Clans of Ireland Registry

March 12th, 2013 by Paul O'Brien

Maura O’Gara-O’Riordan, Cláthaitheoir/Registrar of Finte na hÉireann (Clans of Ireland) affirmed this week the continued registration of The O’Brien Clan with the Clans of Ireland, an independent permanent authority established in 1989 to:

  • Authenticate and register Irish Clans and historical families
  • promote the interests of Irish Clans and historical families
  • provide authentic and scholarly information related to Irish Clans and historical families.

Clans of Ireland is regularly consulted by government agencies, embassies, historical and cultural groups, the media and members of the general public and maintains a very strong and positive relationship with the Standing Council of Irish Chiefs and Chieftains who represent the hereditary Chiefs.

Membership of Clans of Ireland is restricted to those Irish Clans and historical families who’s surname is of Irish origin or who have a presence in Ireland prior to the Great Famine (1845-1862). As such the Register of Clans of Ireland includes families of Irish, Norse, Anglo-Norman, Scots, Gallowglass, Huguenot, and Quaker origins.

History of the Irish Clans

From ancient times, Irish society was organised around traditional kinship groups. These “clans” traced their origins to larger pre-surname (such as O’Brien) population groupings such as Uí Briúin in Connacht, Dál gCais in Thomond, Eóghanachta in Munster, Uí Néill in Ulster, and Fir Domnann in Leinster. Within these larger groupings there tended to be one clan who, through war and politics, became more powerful than others for a period of time and the leaders of some were accorded the status of royalty in Gaelic Ireland. Some of the more important clans to achieve this power were Ó Conor in Connacht, Ó Brien in Thomond, MacCarthy in Desmond, Ó Neill of Tir Eógain in Ulster and Kavanagh in Leinster.

Each distinct family group was led by its own Ceann Fine or “head of family”. The larger or more important clans were led by a Taoiseach or Chief while the smaller and more dependent clans were led by Chieftains. Even the most humble, with the title ‘Bó-Aire’ or ‘chieftain of a single cow,’ was entitled to be recognized as a leader of his own family. Under Brehon Law, the leaders of Irish clans were acclaimed by their kinsmen as custodians of the clan and were responsible for maintaining and protecting the clan and its property. This clan system formed the basis of society in Ireland up to the 17th century and the largely symbolic and somewhat mythological role of Ard Rí or High King tended to rotate among the leaders of the main royal clans.

Scholars sometimes disagree about whether it is better to use the terms “sept” or “clan” when referring to traditional Irish kinship groups. The late Edward MacLysaght suggested the English word ‘sept’ be used in place of the word ‘clan’ with regards to the historical social structure in Ireland, so as to differentiate it from the centralized Scottish clan system. This would imply that Ireland possessed no formalised clan system, which is not wholly accurate. Brehon Law, the ancient legal system of Ireland clearly defined the clan system in pre-Norman Ireland, which collapsed after the Tudor Conquest. Furthermore, the Irish, when speaking of themselves, employed their term ‘clan’ which means “family” in Irish. Often, clans are thought of as based on blood kinship alone; in fact Irish clans would be better thought of as akin to the modern-day corporation (Nicholls, 2003). Their ruling structure, whether ruled by a single lord or a council, changed according to needs and the qualities of their membership. As with a modern corporation, the power of clans grew and shrank. Once-powerful clans could in time decline in stature and be amalgamated into once-smaller ones. How this “merger” would be dealt with would be a matter of negotiation based on the respective power of each party. Consequently, Irish clans were composed of those who were related by blood but also by those who were adopted and fostered into the clan as well as those who joined the clan for strategic reasons such as safety or combining of lands and resources. However, all members of the clan bore the same surname.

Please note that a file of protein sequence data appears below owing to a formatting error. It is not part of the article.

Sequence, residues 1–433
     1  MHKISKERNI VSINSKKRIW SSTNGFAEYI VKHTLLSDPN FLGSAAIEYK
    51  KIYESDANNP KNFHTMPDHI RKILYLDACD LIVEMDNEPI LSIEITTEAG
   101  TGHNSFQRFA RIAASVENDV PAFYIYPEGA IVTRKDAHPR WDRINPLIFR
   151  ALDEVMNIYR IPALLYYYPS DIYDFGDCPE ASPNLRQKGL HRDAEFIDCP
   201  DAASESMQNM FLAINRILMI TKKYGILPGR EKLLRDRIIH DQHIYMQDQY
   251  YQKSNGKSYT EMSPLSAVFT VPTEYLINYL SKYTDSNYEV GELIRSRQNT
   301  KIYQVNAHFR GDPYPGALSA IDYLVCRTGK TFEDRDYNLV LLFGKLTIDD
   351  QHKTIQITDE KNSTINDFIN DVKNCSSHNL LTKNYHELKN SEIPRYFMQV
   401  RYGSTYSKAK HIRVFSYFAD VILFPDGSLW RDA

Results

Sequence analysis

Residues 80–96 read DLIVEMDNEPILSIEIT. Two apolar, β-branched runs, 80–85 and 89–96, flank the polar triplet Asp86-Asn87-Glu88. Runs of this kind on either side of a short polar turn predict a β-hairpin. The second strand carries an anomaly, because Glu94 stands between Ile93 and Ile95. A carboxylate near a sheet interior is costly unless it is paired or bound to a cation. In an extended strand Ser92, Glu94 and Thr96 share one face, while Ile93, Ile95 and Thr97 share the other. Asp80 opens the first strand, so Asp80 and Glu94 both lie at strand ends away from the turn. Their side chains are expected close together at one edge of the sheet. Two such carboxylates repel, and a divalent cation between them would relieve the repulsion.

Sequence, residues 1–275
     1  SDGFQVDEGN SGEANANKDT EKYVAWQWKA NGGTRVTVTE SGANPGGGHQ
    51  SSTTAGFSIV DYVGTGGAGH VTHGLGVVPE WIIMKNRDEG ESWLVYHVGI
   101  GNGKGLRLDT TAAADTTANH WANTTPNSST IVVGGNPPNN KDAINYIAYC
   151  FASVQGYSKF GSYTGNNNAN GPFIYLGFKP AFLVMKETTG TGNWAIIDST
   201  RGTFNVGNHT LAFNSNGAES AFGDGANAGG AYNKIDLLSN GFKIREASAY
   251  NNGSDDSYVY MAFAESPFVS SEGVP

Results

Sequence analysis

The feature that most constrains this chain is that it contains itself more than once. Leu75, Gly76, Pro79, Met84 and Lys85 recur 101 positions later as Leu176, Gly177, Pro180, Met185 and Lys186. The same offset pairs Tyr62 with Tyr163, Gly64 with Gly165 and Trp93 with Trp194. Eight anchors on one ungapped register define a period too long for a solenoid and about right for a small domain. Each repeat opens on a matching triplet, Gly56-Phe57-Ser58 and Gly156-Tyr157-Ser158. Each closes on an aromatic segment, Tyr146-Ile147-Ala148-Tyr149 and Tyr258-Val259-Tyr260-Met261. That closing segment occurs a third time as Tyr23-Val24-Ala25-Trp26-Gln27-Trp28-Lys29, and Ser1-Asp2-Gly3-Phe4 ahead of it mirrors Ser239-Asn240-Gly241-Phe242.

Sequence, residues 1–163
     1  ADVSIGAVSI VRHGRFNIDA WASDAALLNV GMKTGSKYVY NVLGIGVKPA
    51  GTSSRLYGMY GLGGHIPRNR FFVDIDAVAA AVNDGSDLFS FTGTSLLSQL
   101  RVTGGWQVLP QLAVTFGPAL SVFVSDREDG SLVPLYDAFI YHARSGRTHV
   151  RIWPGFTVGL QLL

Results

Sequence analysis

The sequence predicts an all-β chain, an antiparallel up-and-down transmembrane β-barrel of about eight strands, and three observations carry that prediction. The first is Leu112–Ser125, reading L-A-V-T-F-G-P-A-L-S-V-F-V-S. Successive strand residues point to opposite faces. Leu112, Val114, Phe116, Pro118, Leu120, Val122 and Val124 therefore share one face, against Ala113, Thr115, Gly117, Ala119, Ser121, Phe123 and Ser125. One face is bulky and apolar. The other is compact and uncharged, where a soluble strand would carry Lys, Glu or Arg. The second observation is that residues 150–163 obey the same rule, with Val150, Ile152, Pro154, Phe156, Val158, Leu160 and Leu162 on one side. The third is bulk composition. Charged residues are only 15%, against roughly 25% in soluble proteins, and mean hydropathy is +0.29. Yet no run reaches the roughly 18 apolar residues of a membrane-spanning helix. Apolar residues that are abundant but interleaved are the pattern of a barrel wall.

The early 17th century was a watershed in Ireland. It marked the destruction of Ireland’s ancient Gaelic aristocracy following the Tudor re-conquest and cleared the way for the Plantation of Ulster. In 1607 the senior Gaelic Chiefs of Ulster (Ó Neill, Ó Donnell and Maguire) left Ireland to recruit support in Spain but they never reached their intended destination and instead remained exiled. After this so called “Flight of the Earls”, the English authorities in Dublin established control over all of Ireland for the first time. They brought a centralized government to the entire island and disarmed the native clans and their Chiefs.

However, despite the loss of their traditional lands and forced emigration into the service of Catholic monarchs across Europe, the spirit of the Irish clans remains through the use of Irish surnames which are the mark of Clan membership. To this day Irish people in Ireland and around the world can tell you the name of the clan to which they belong. The growing influence of the Gaelic League at the turn of the 20th century rekindled an interest in Gaelic culture and prompted a cultural revival. In the 1940s Chief Herald of Ireland, Edward MacLysaght , drew up a list of Irish Clans and the first modern Irish Clans were re-formed in the latter half of the 20th century. Today, these clans are organised in Ireland and in every continent around the world.

Please consult the Register of Clans for details of those clans currently registered.

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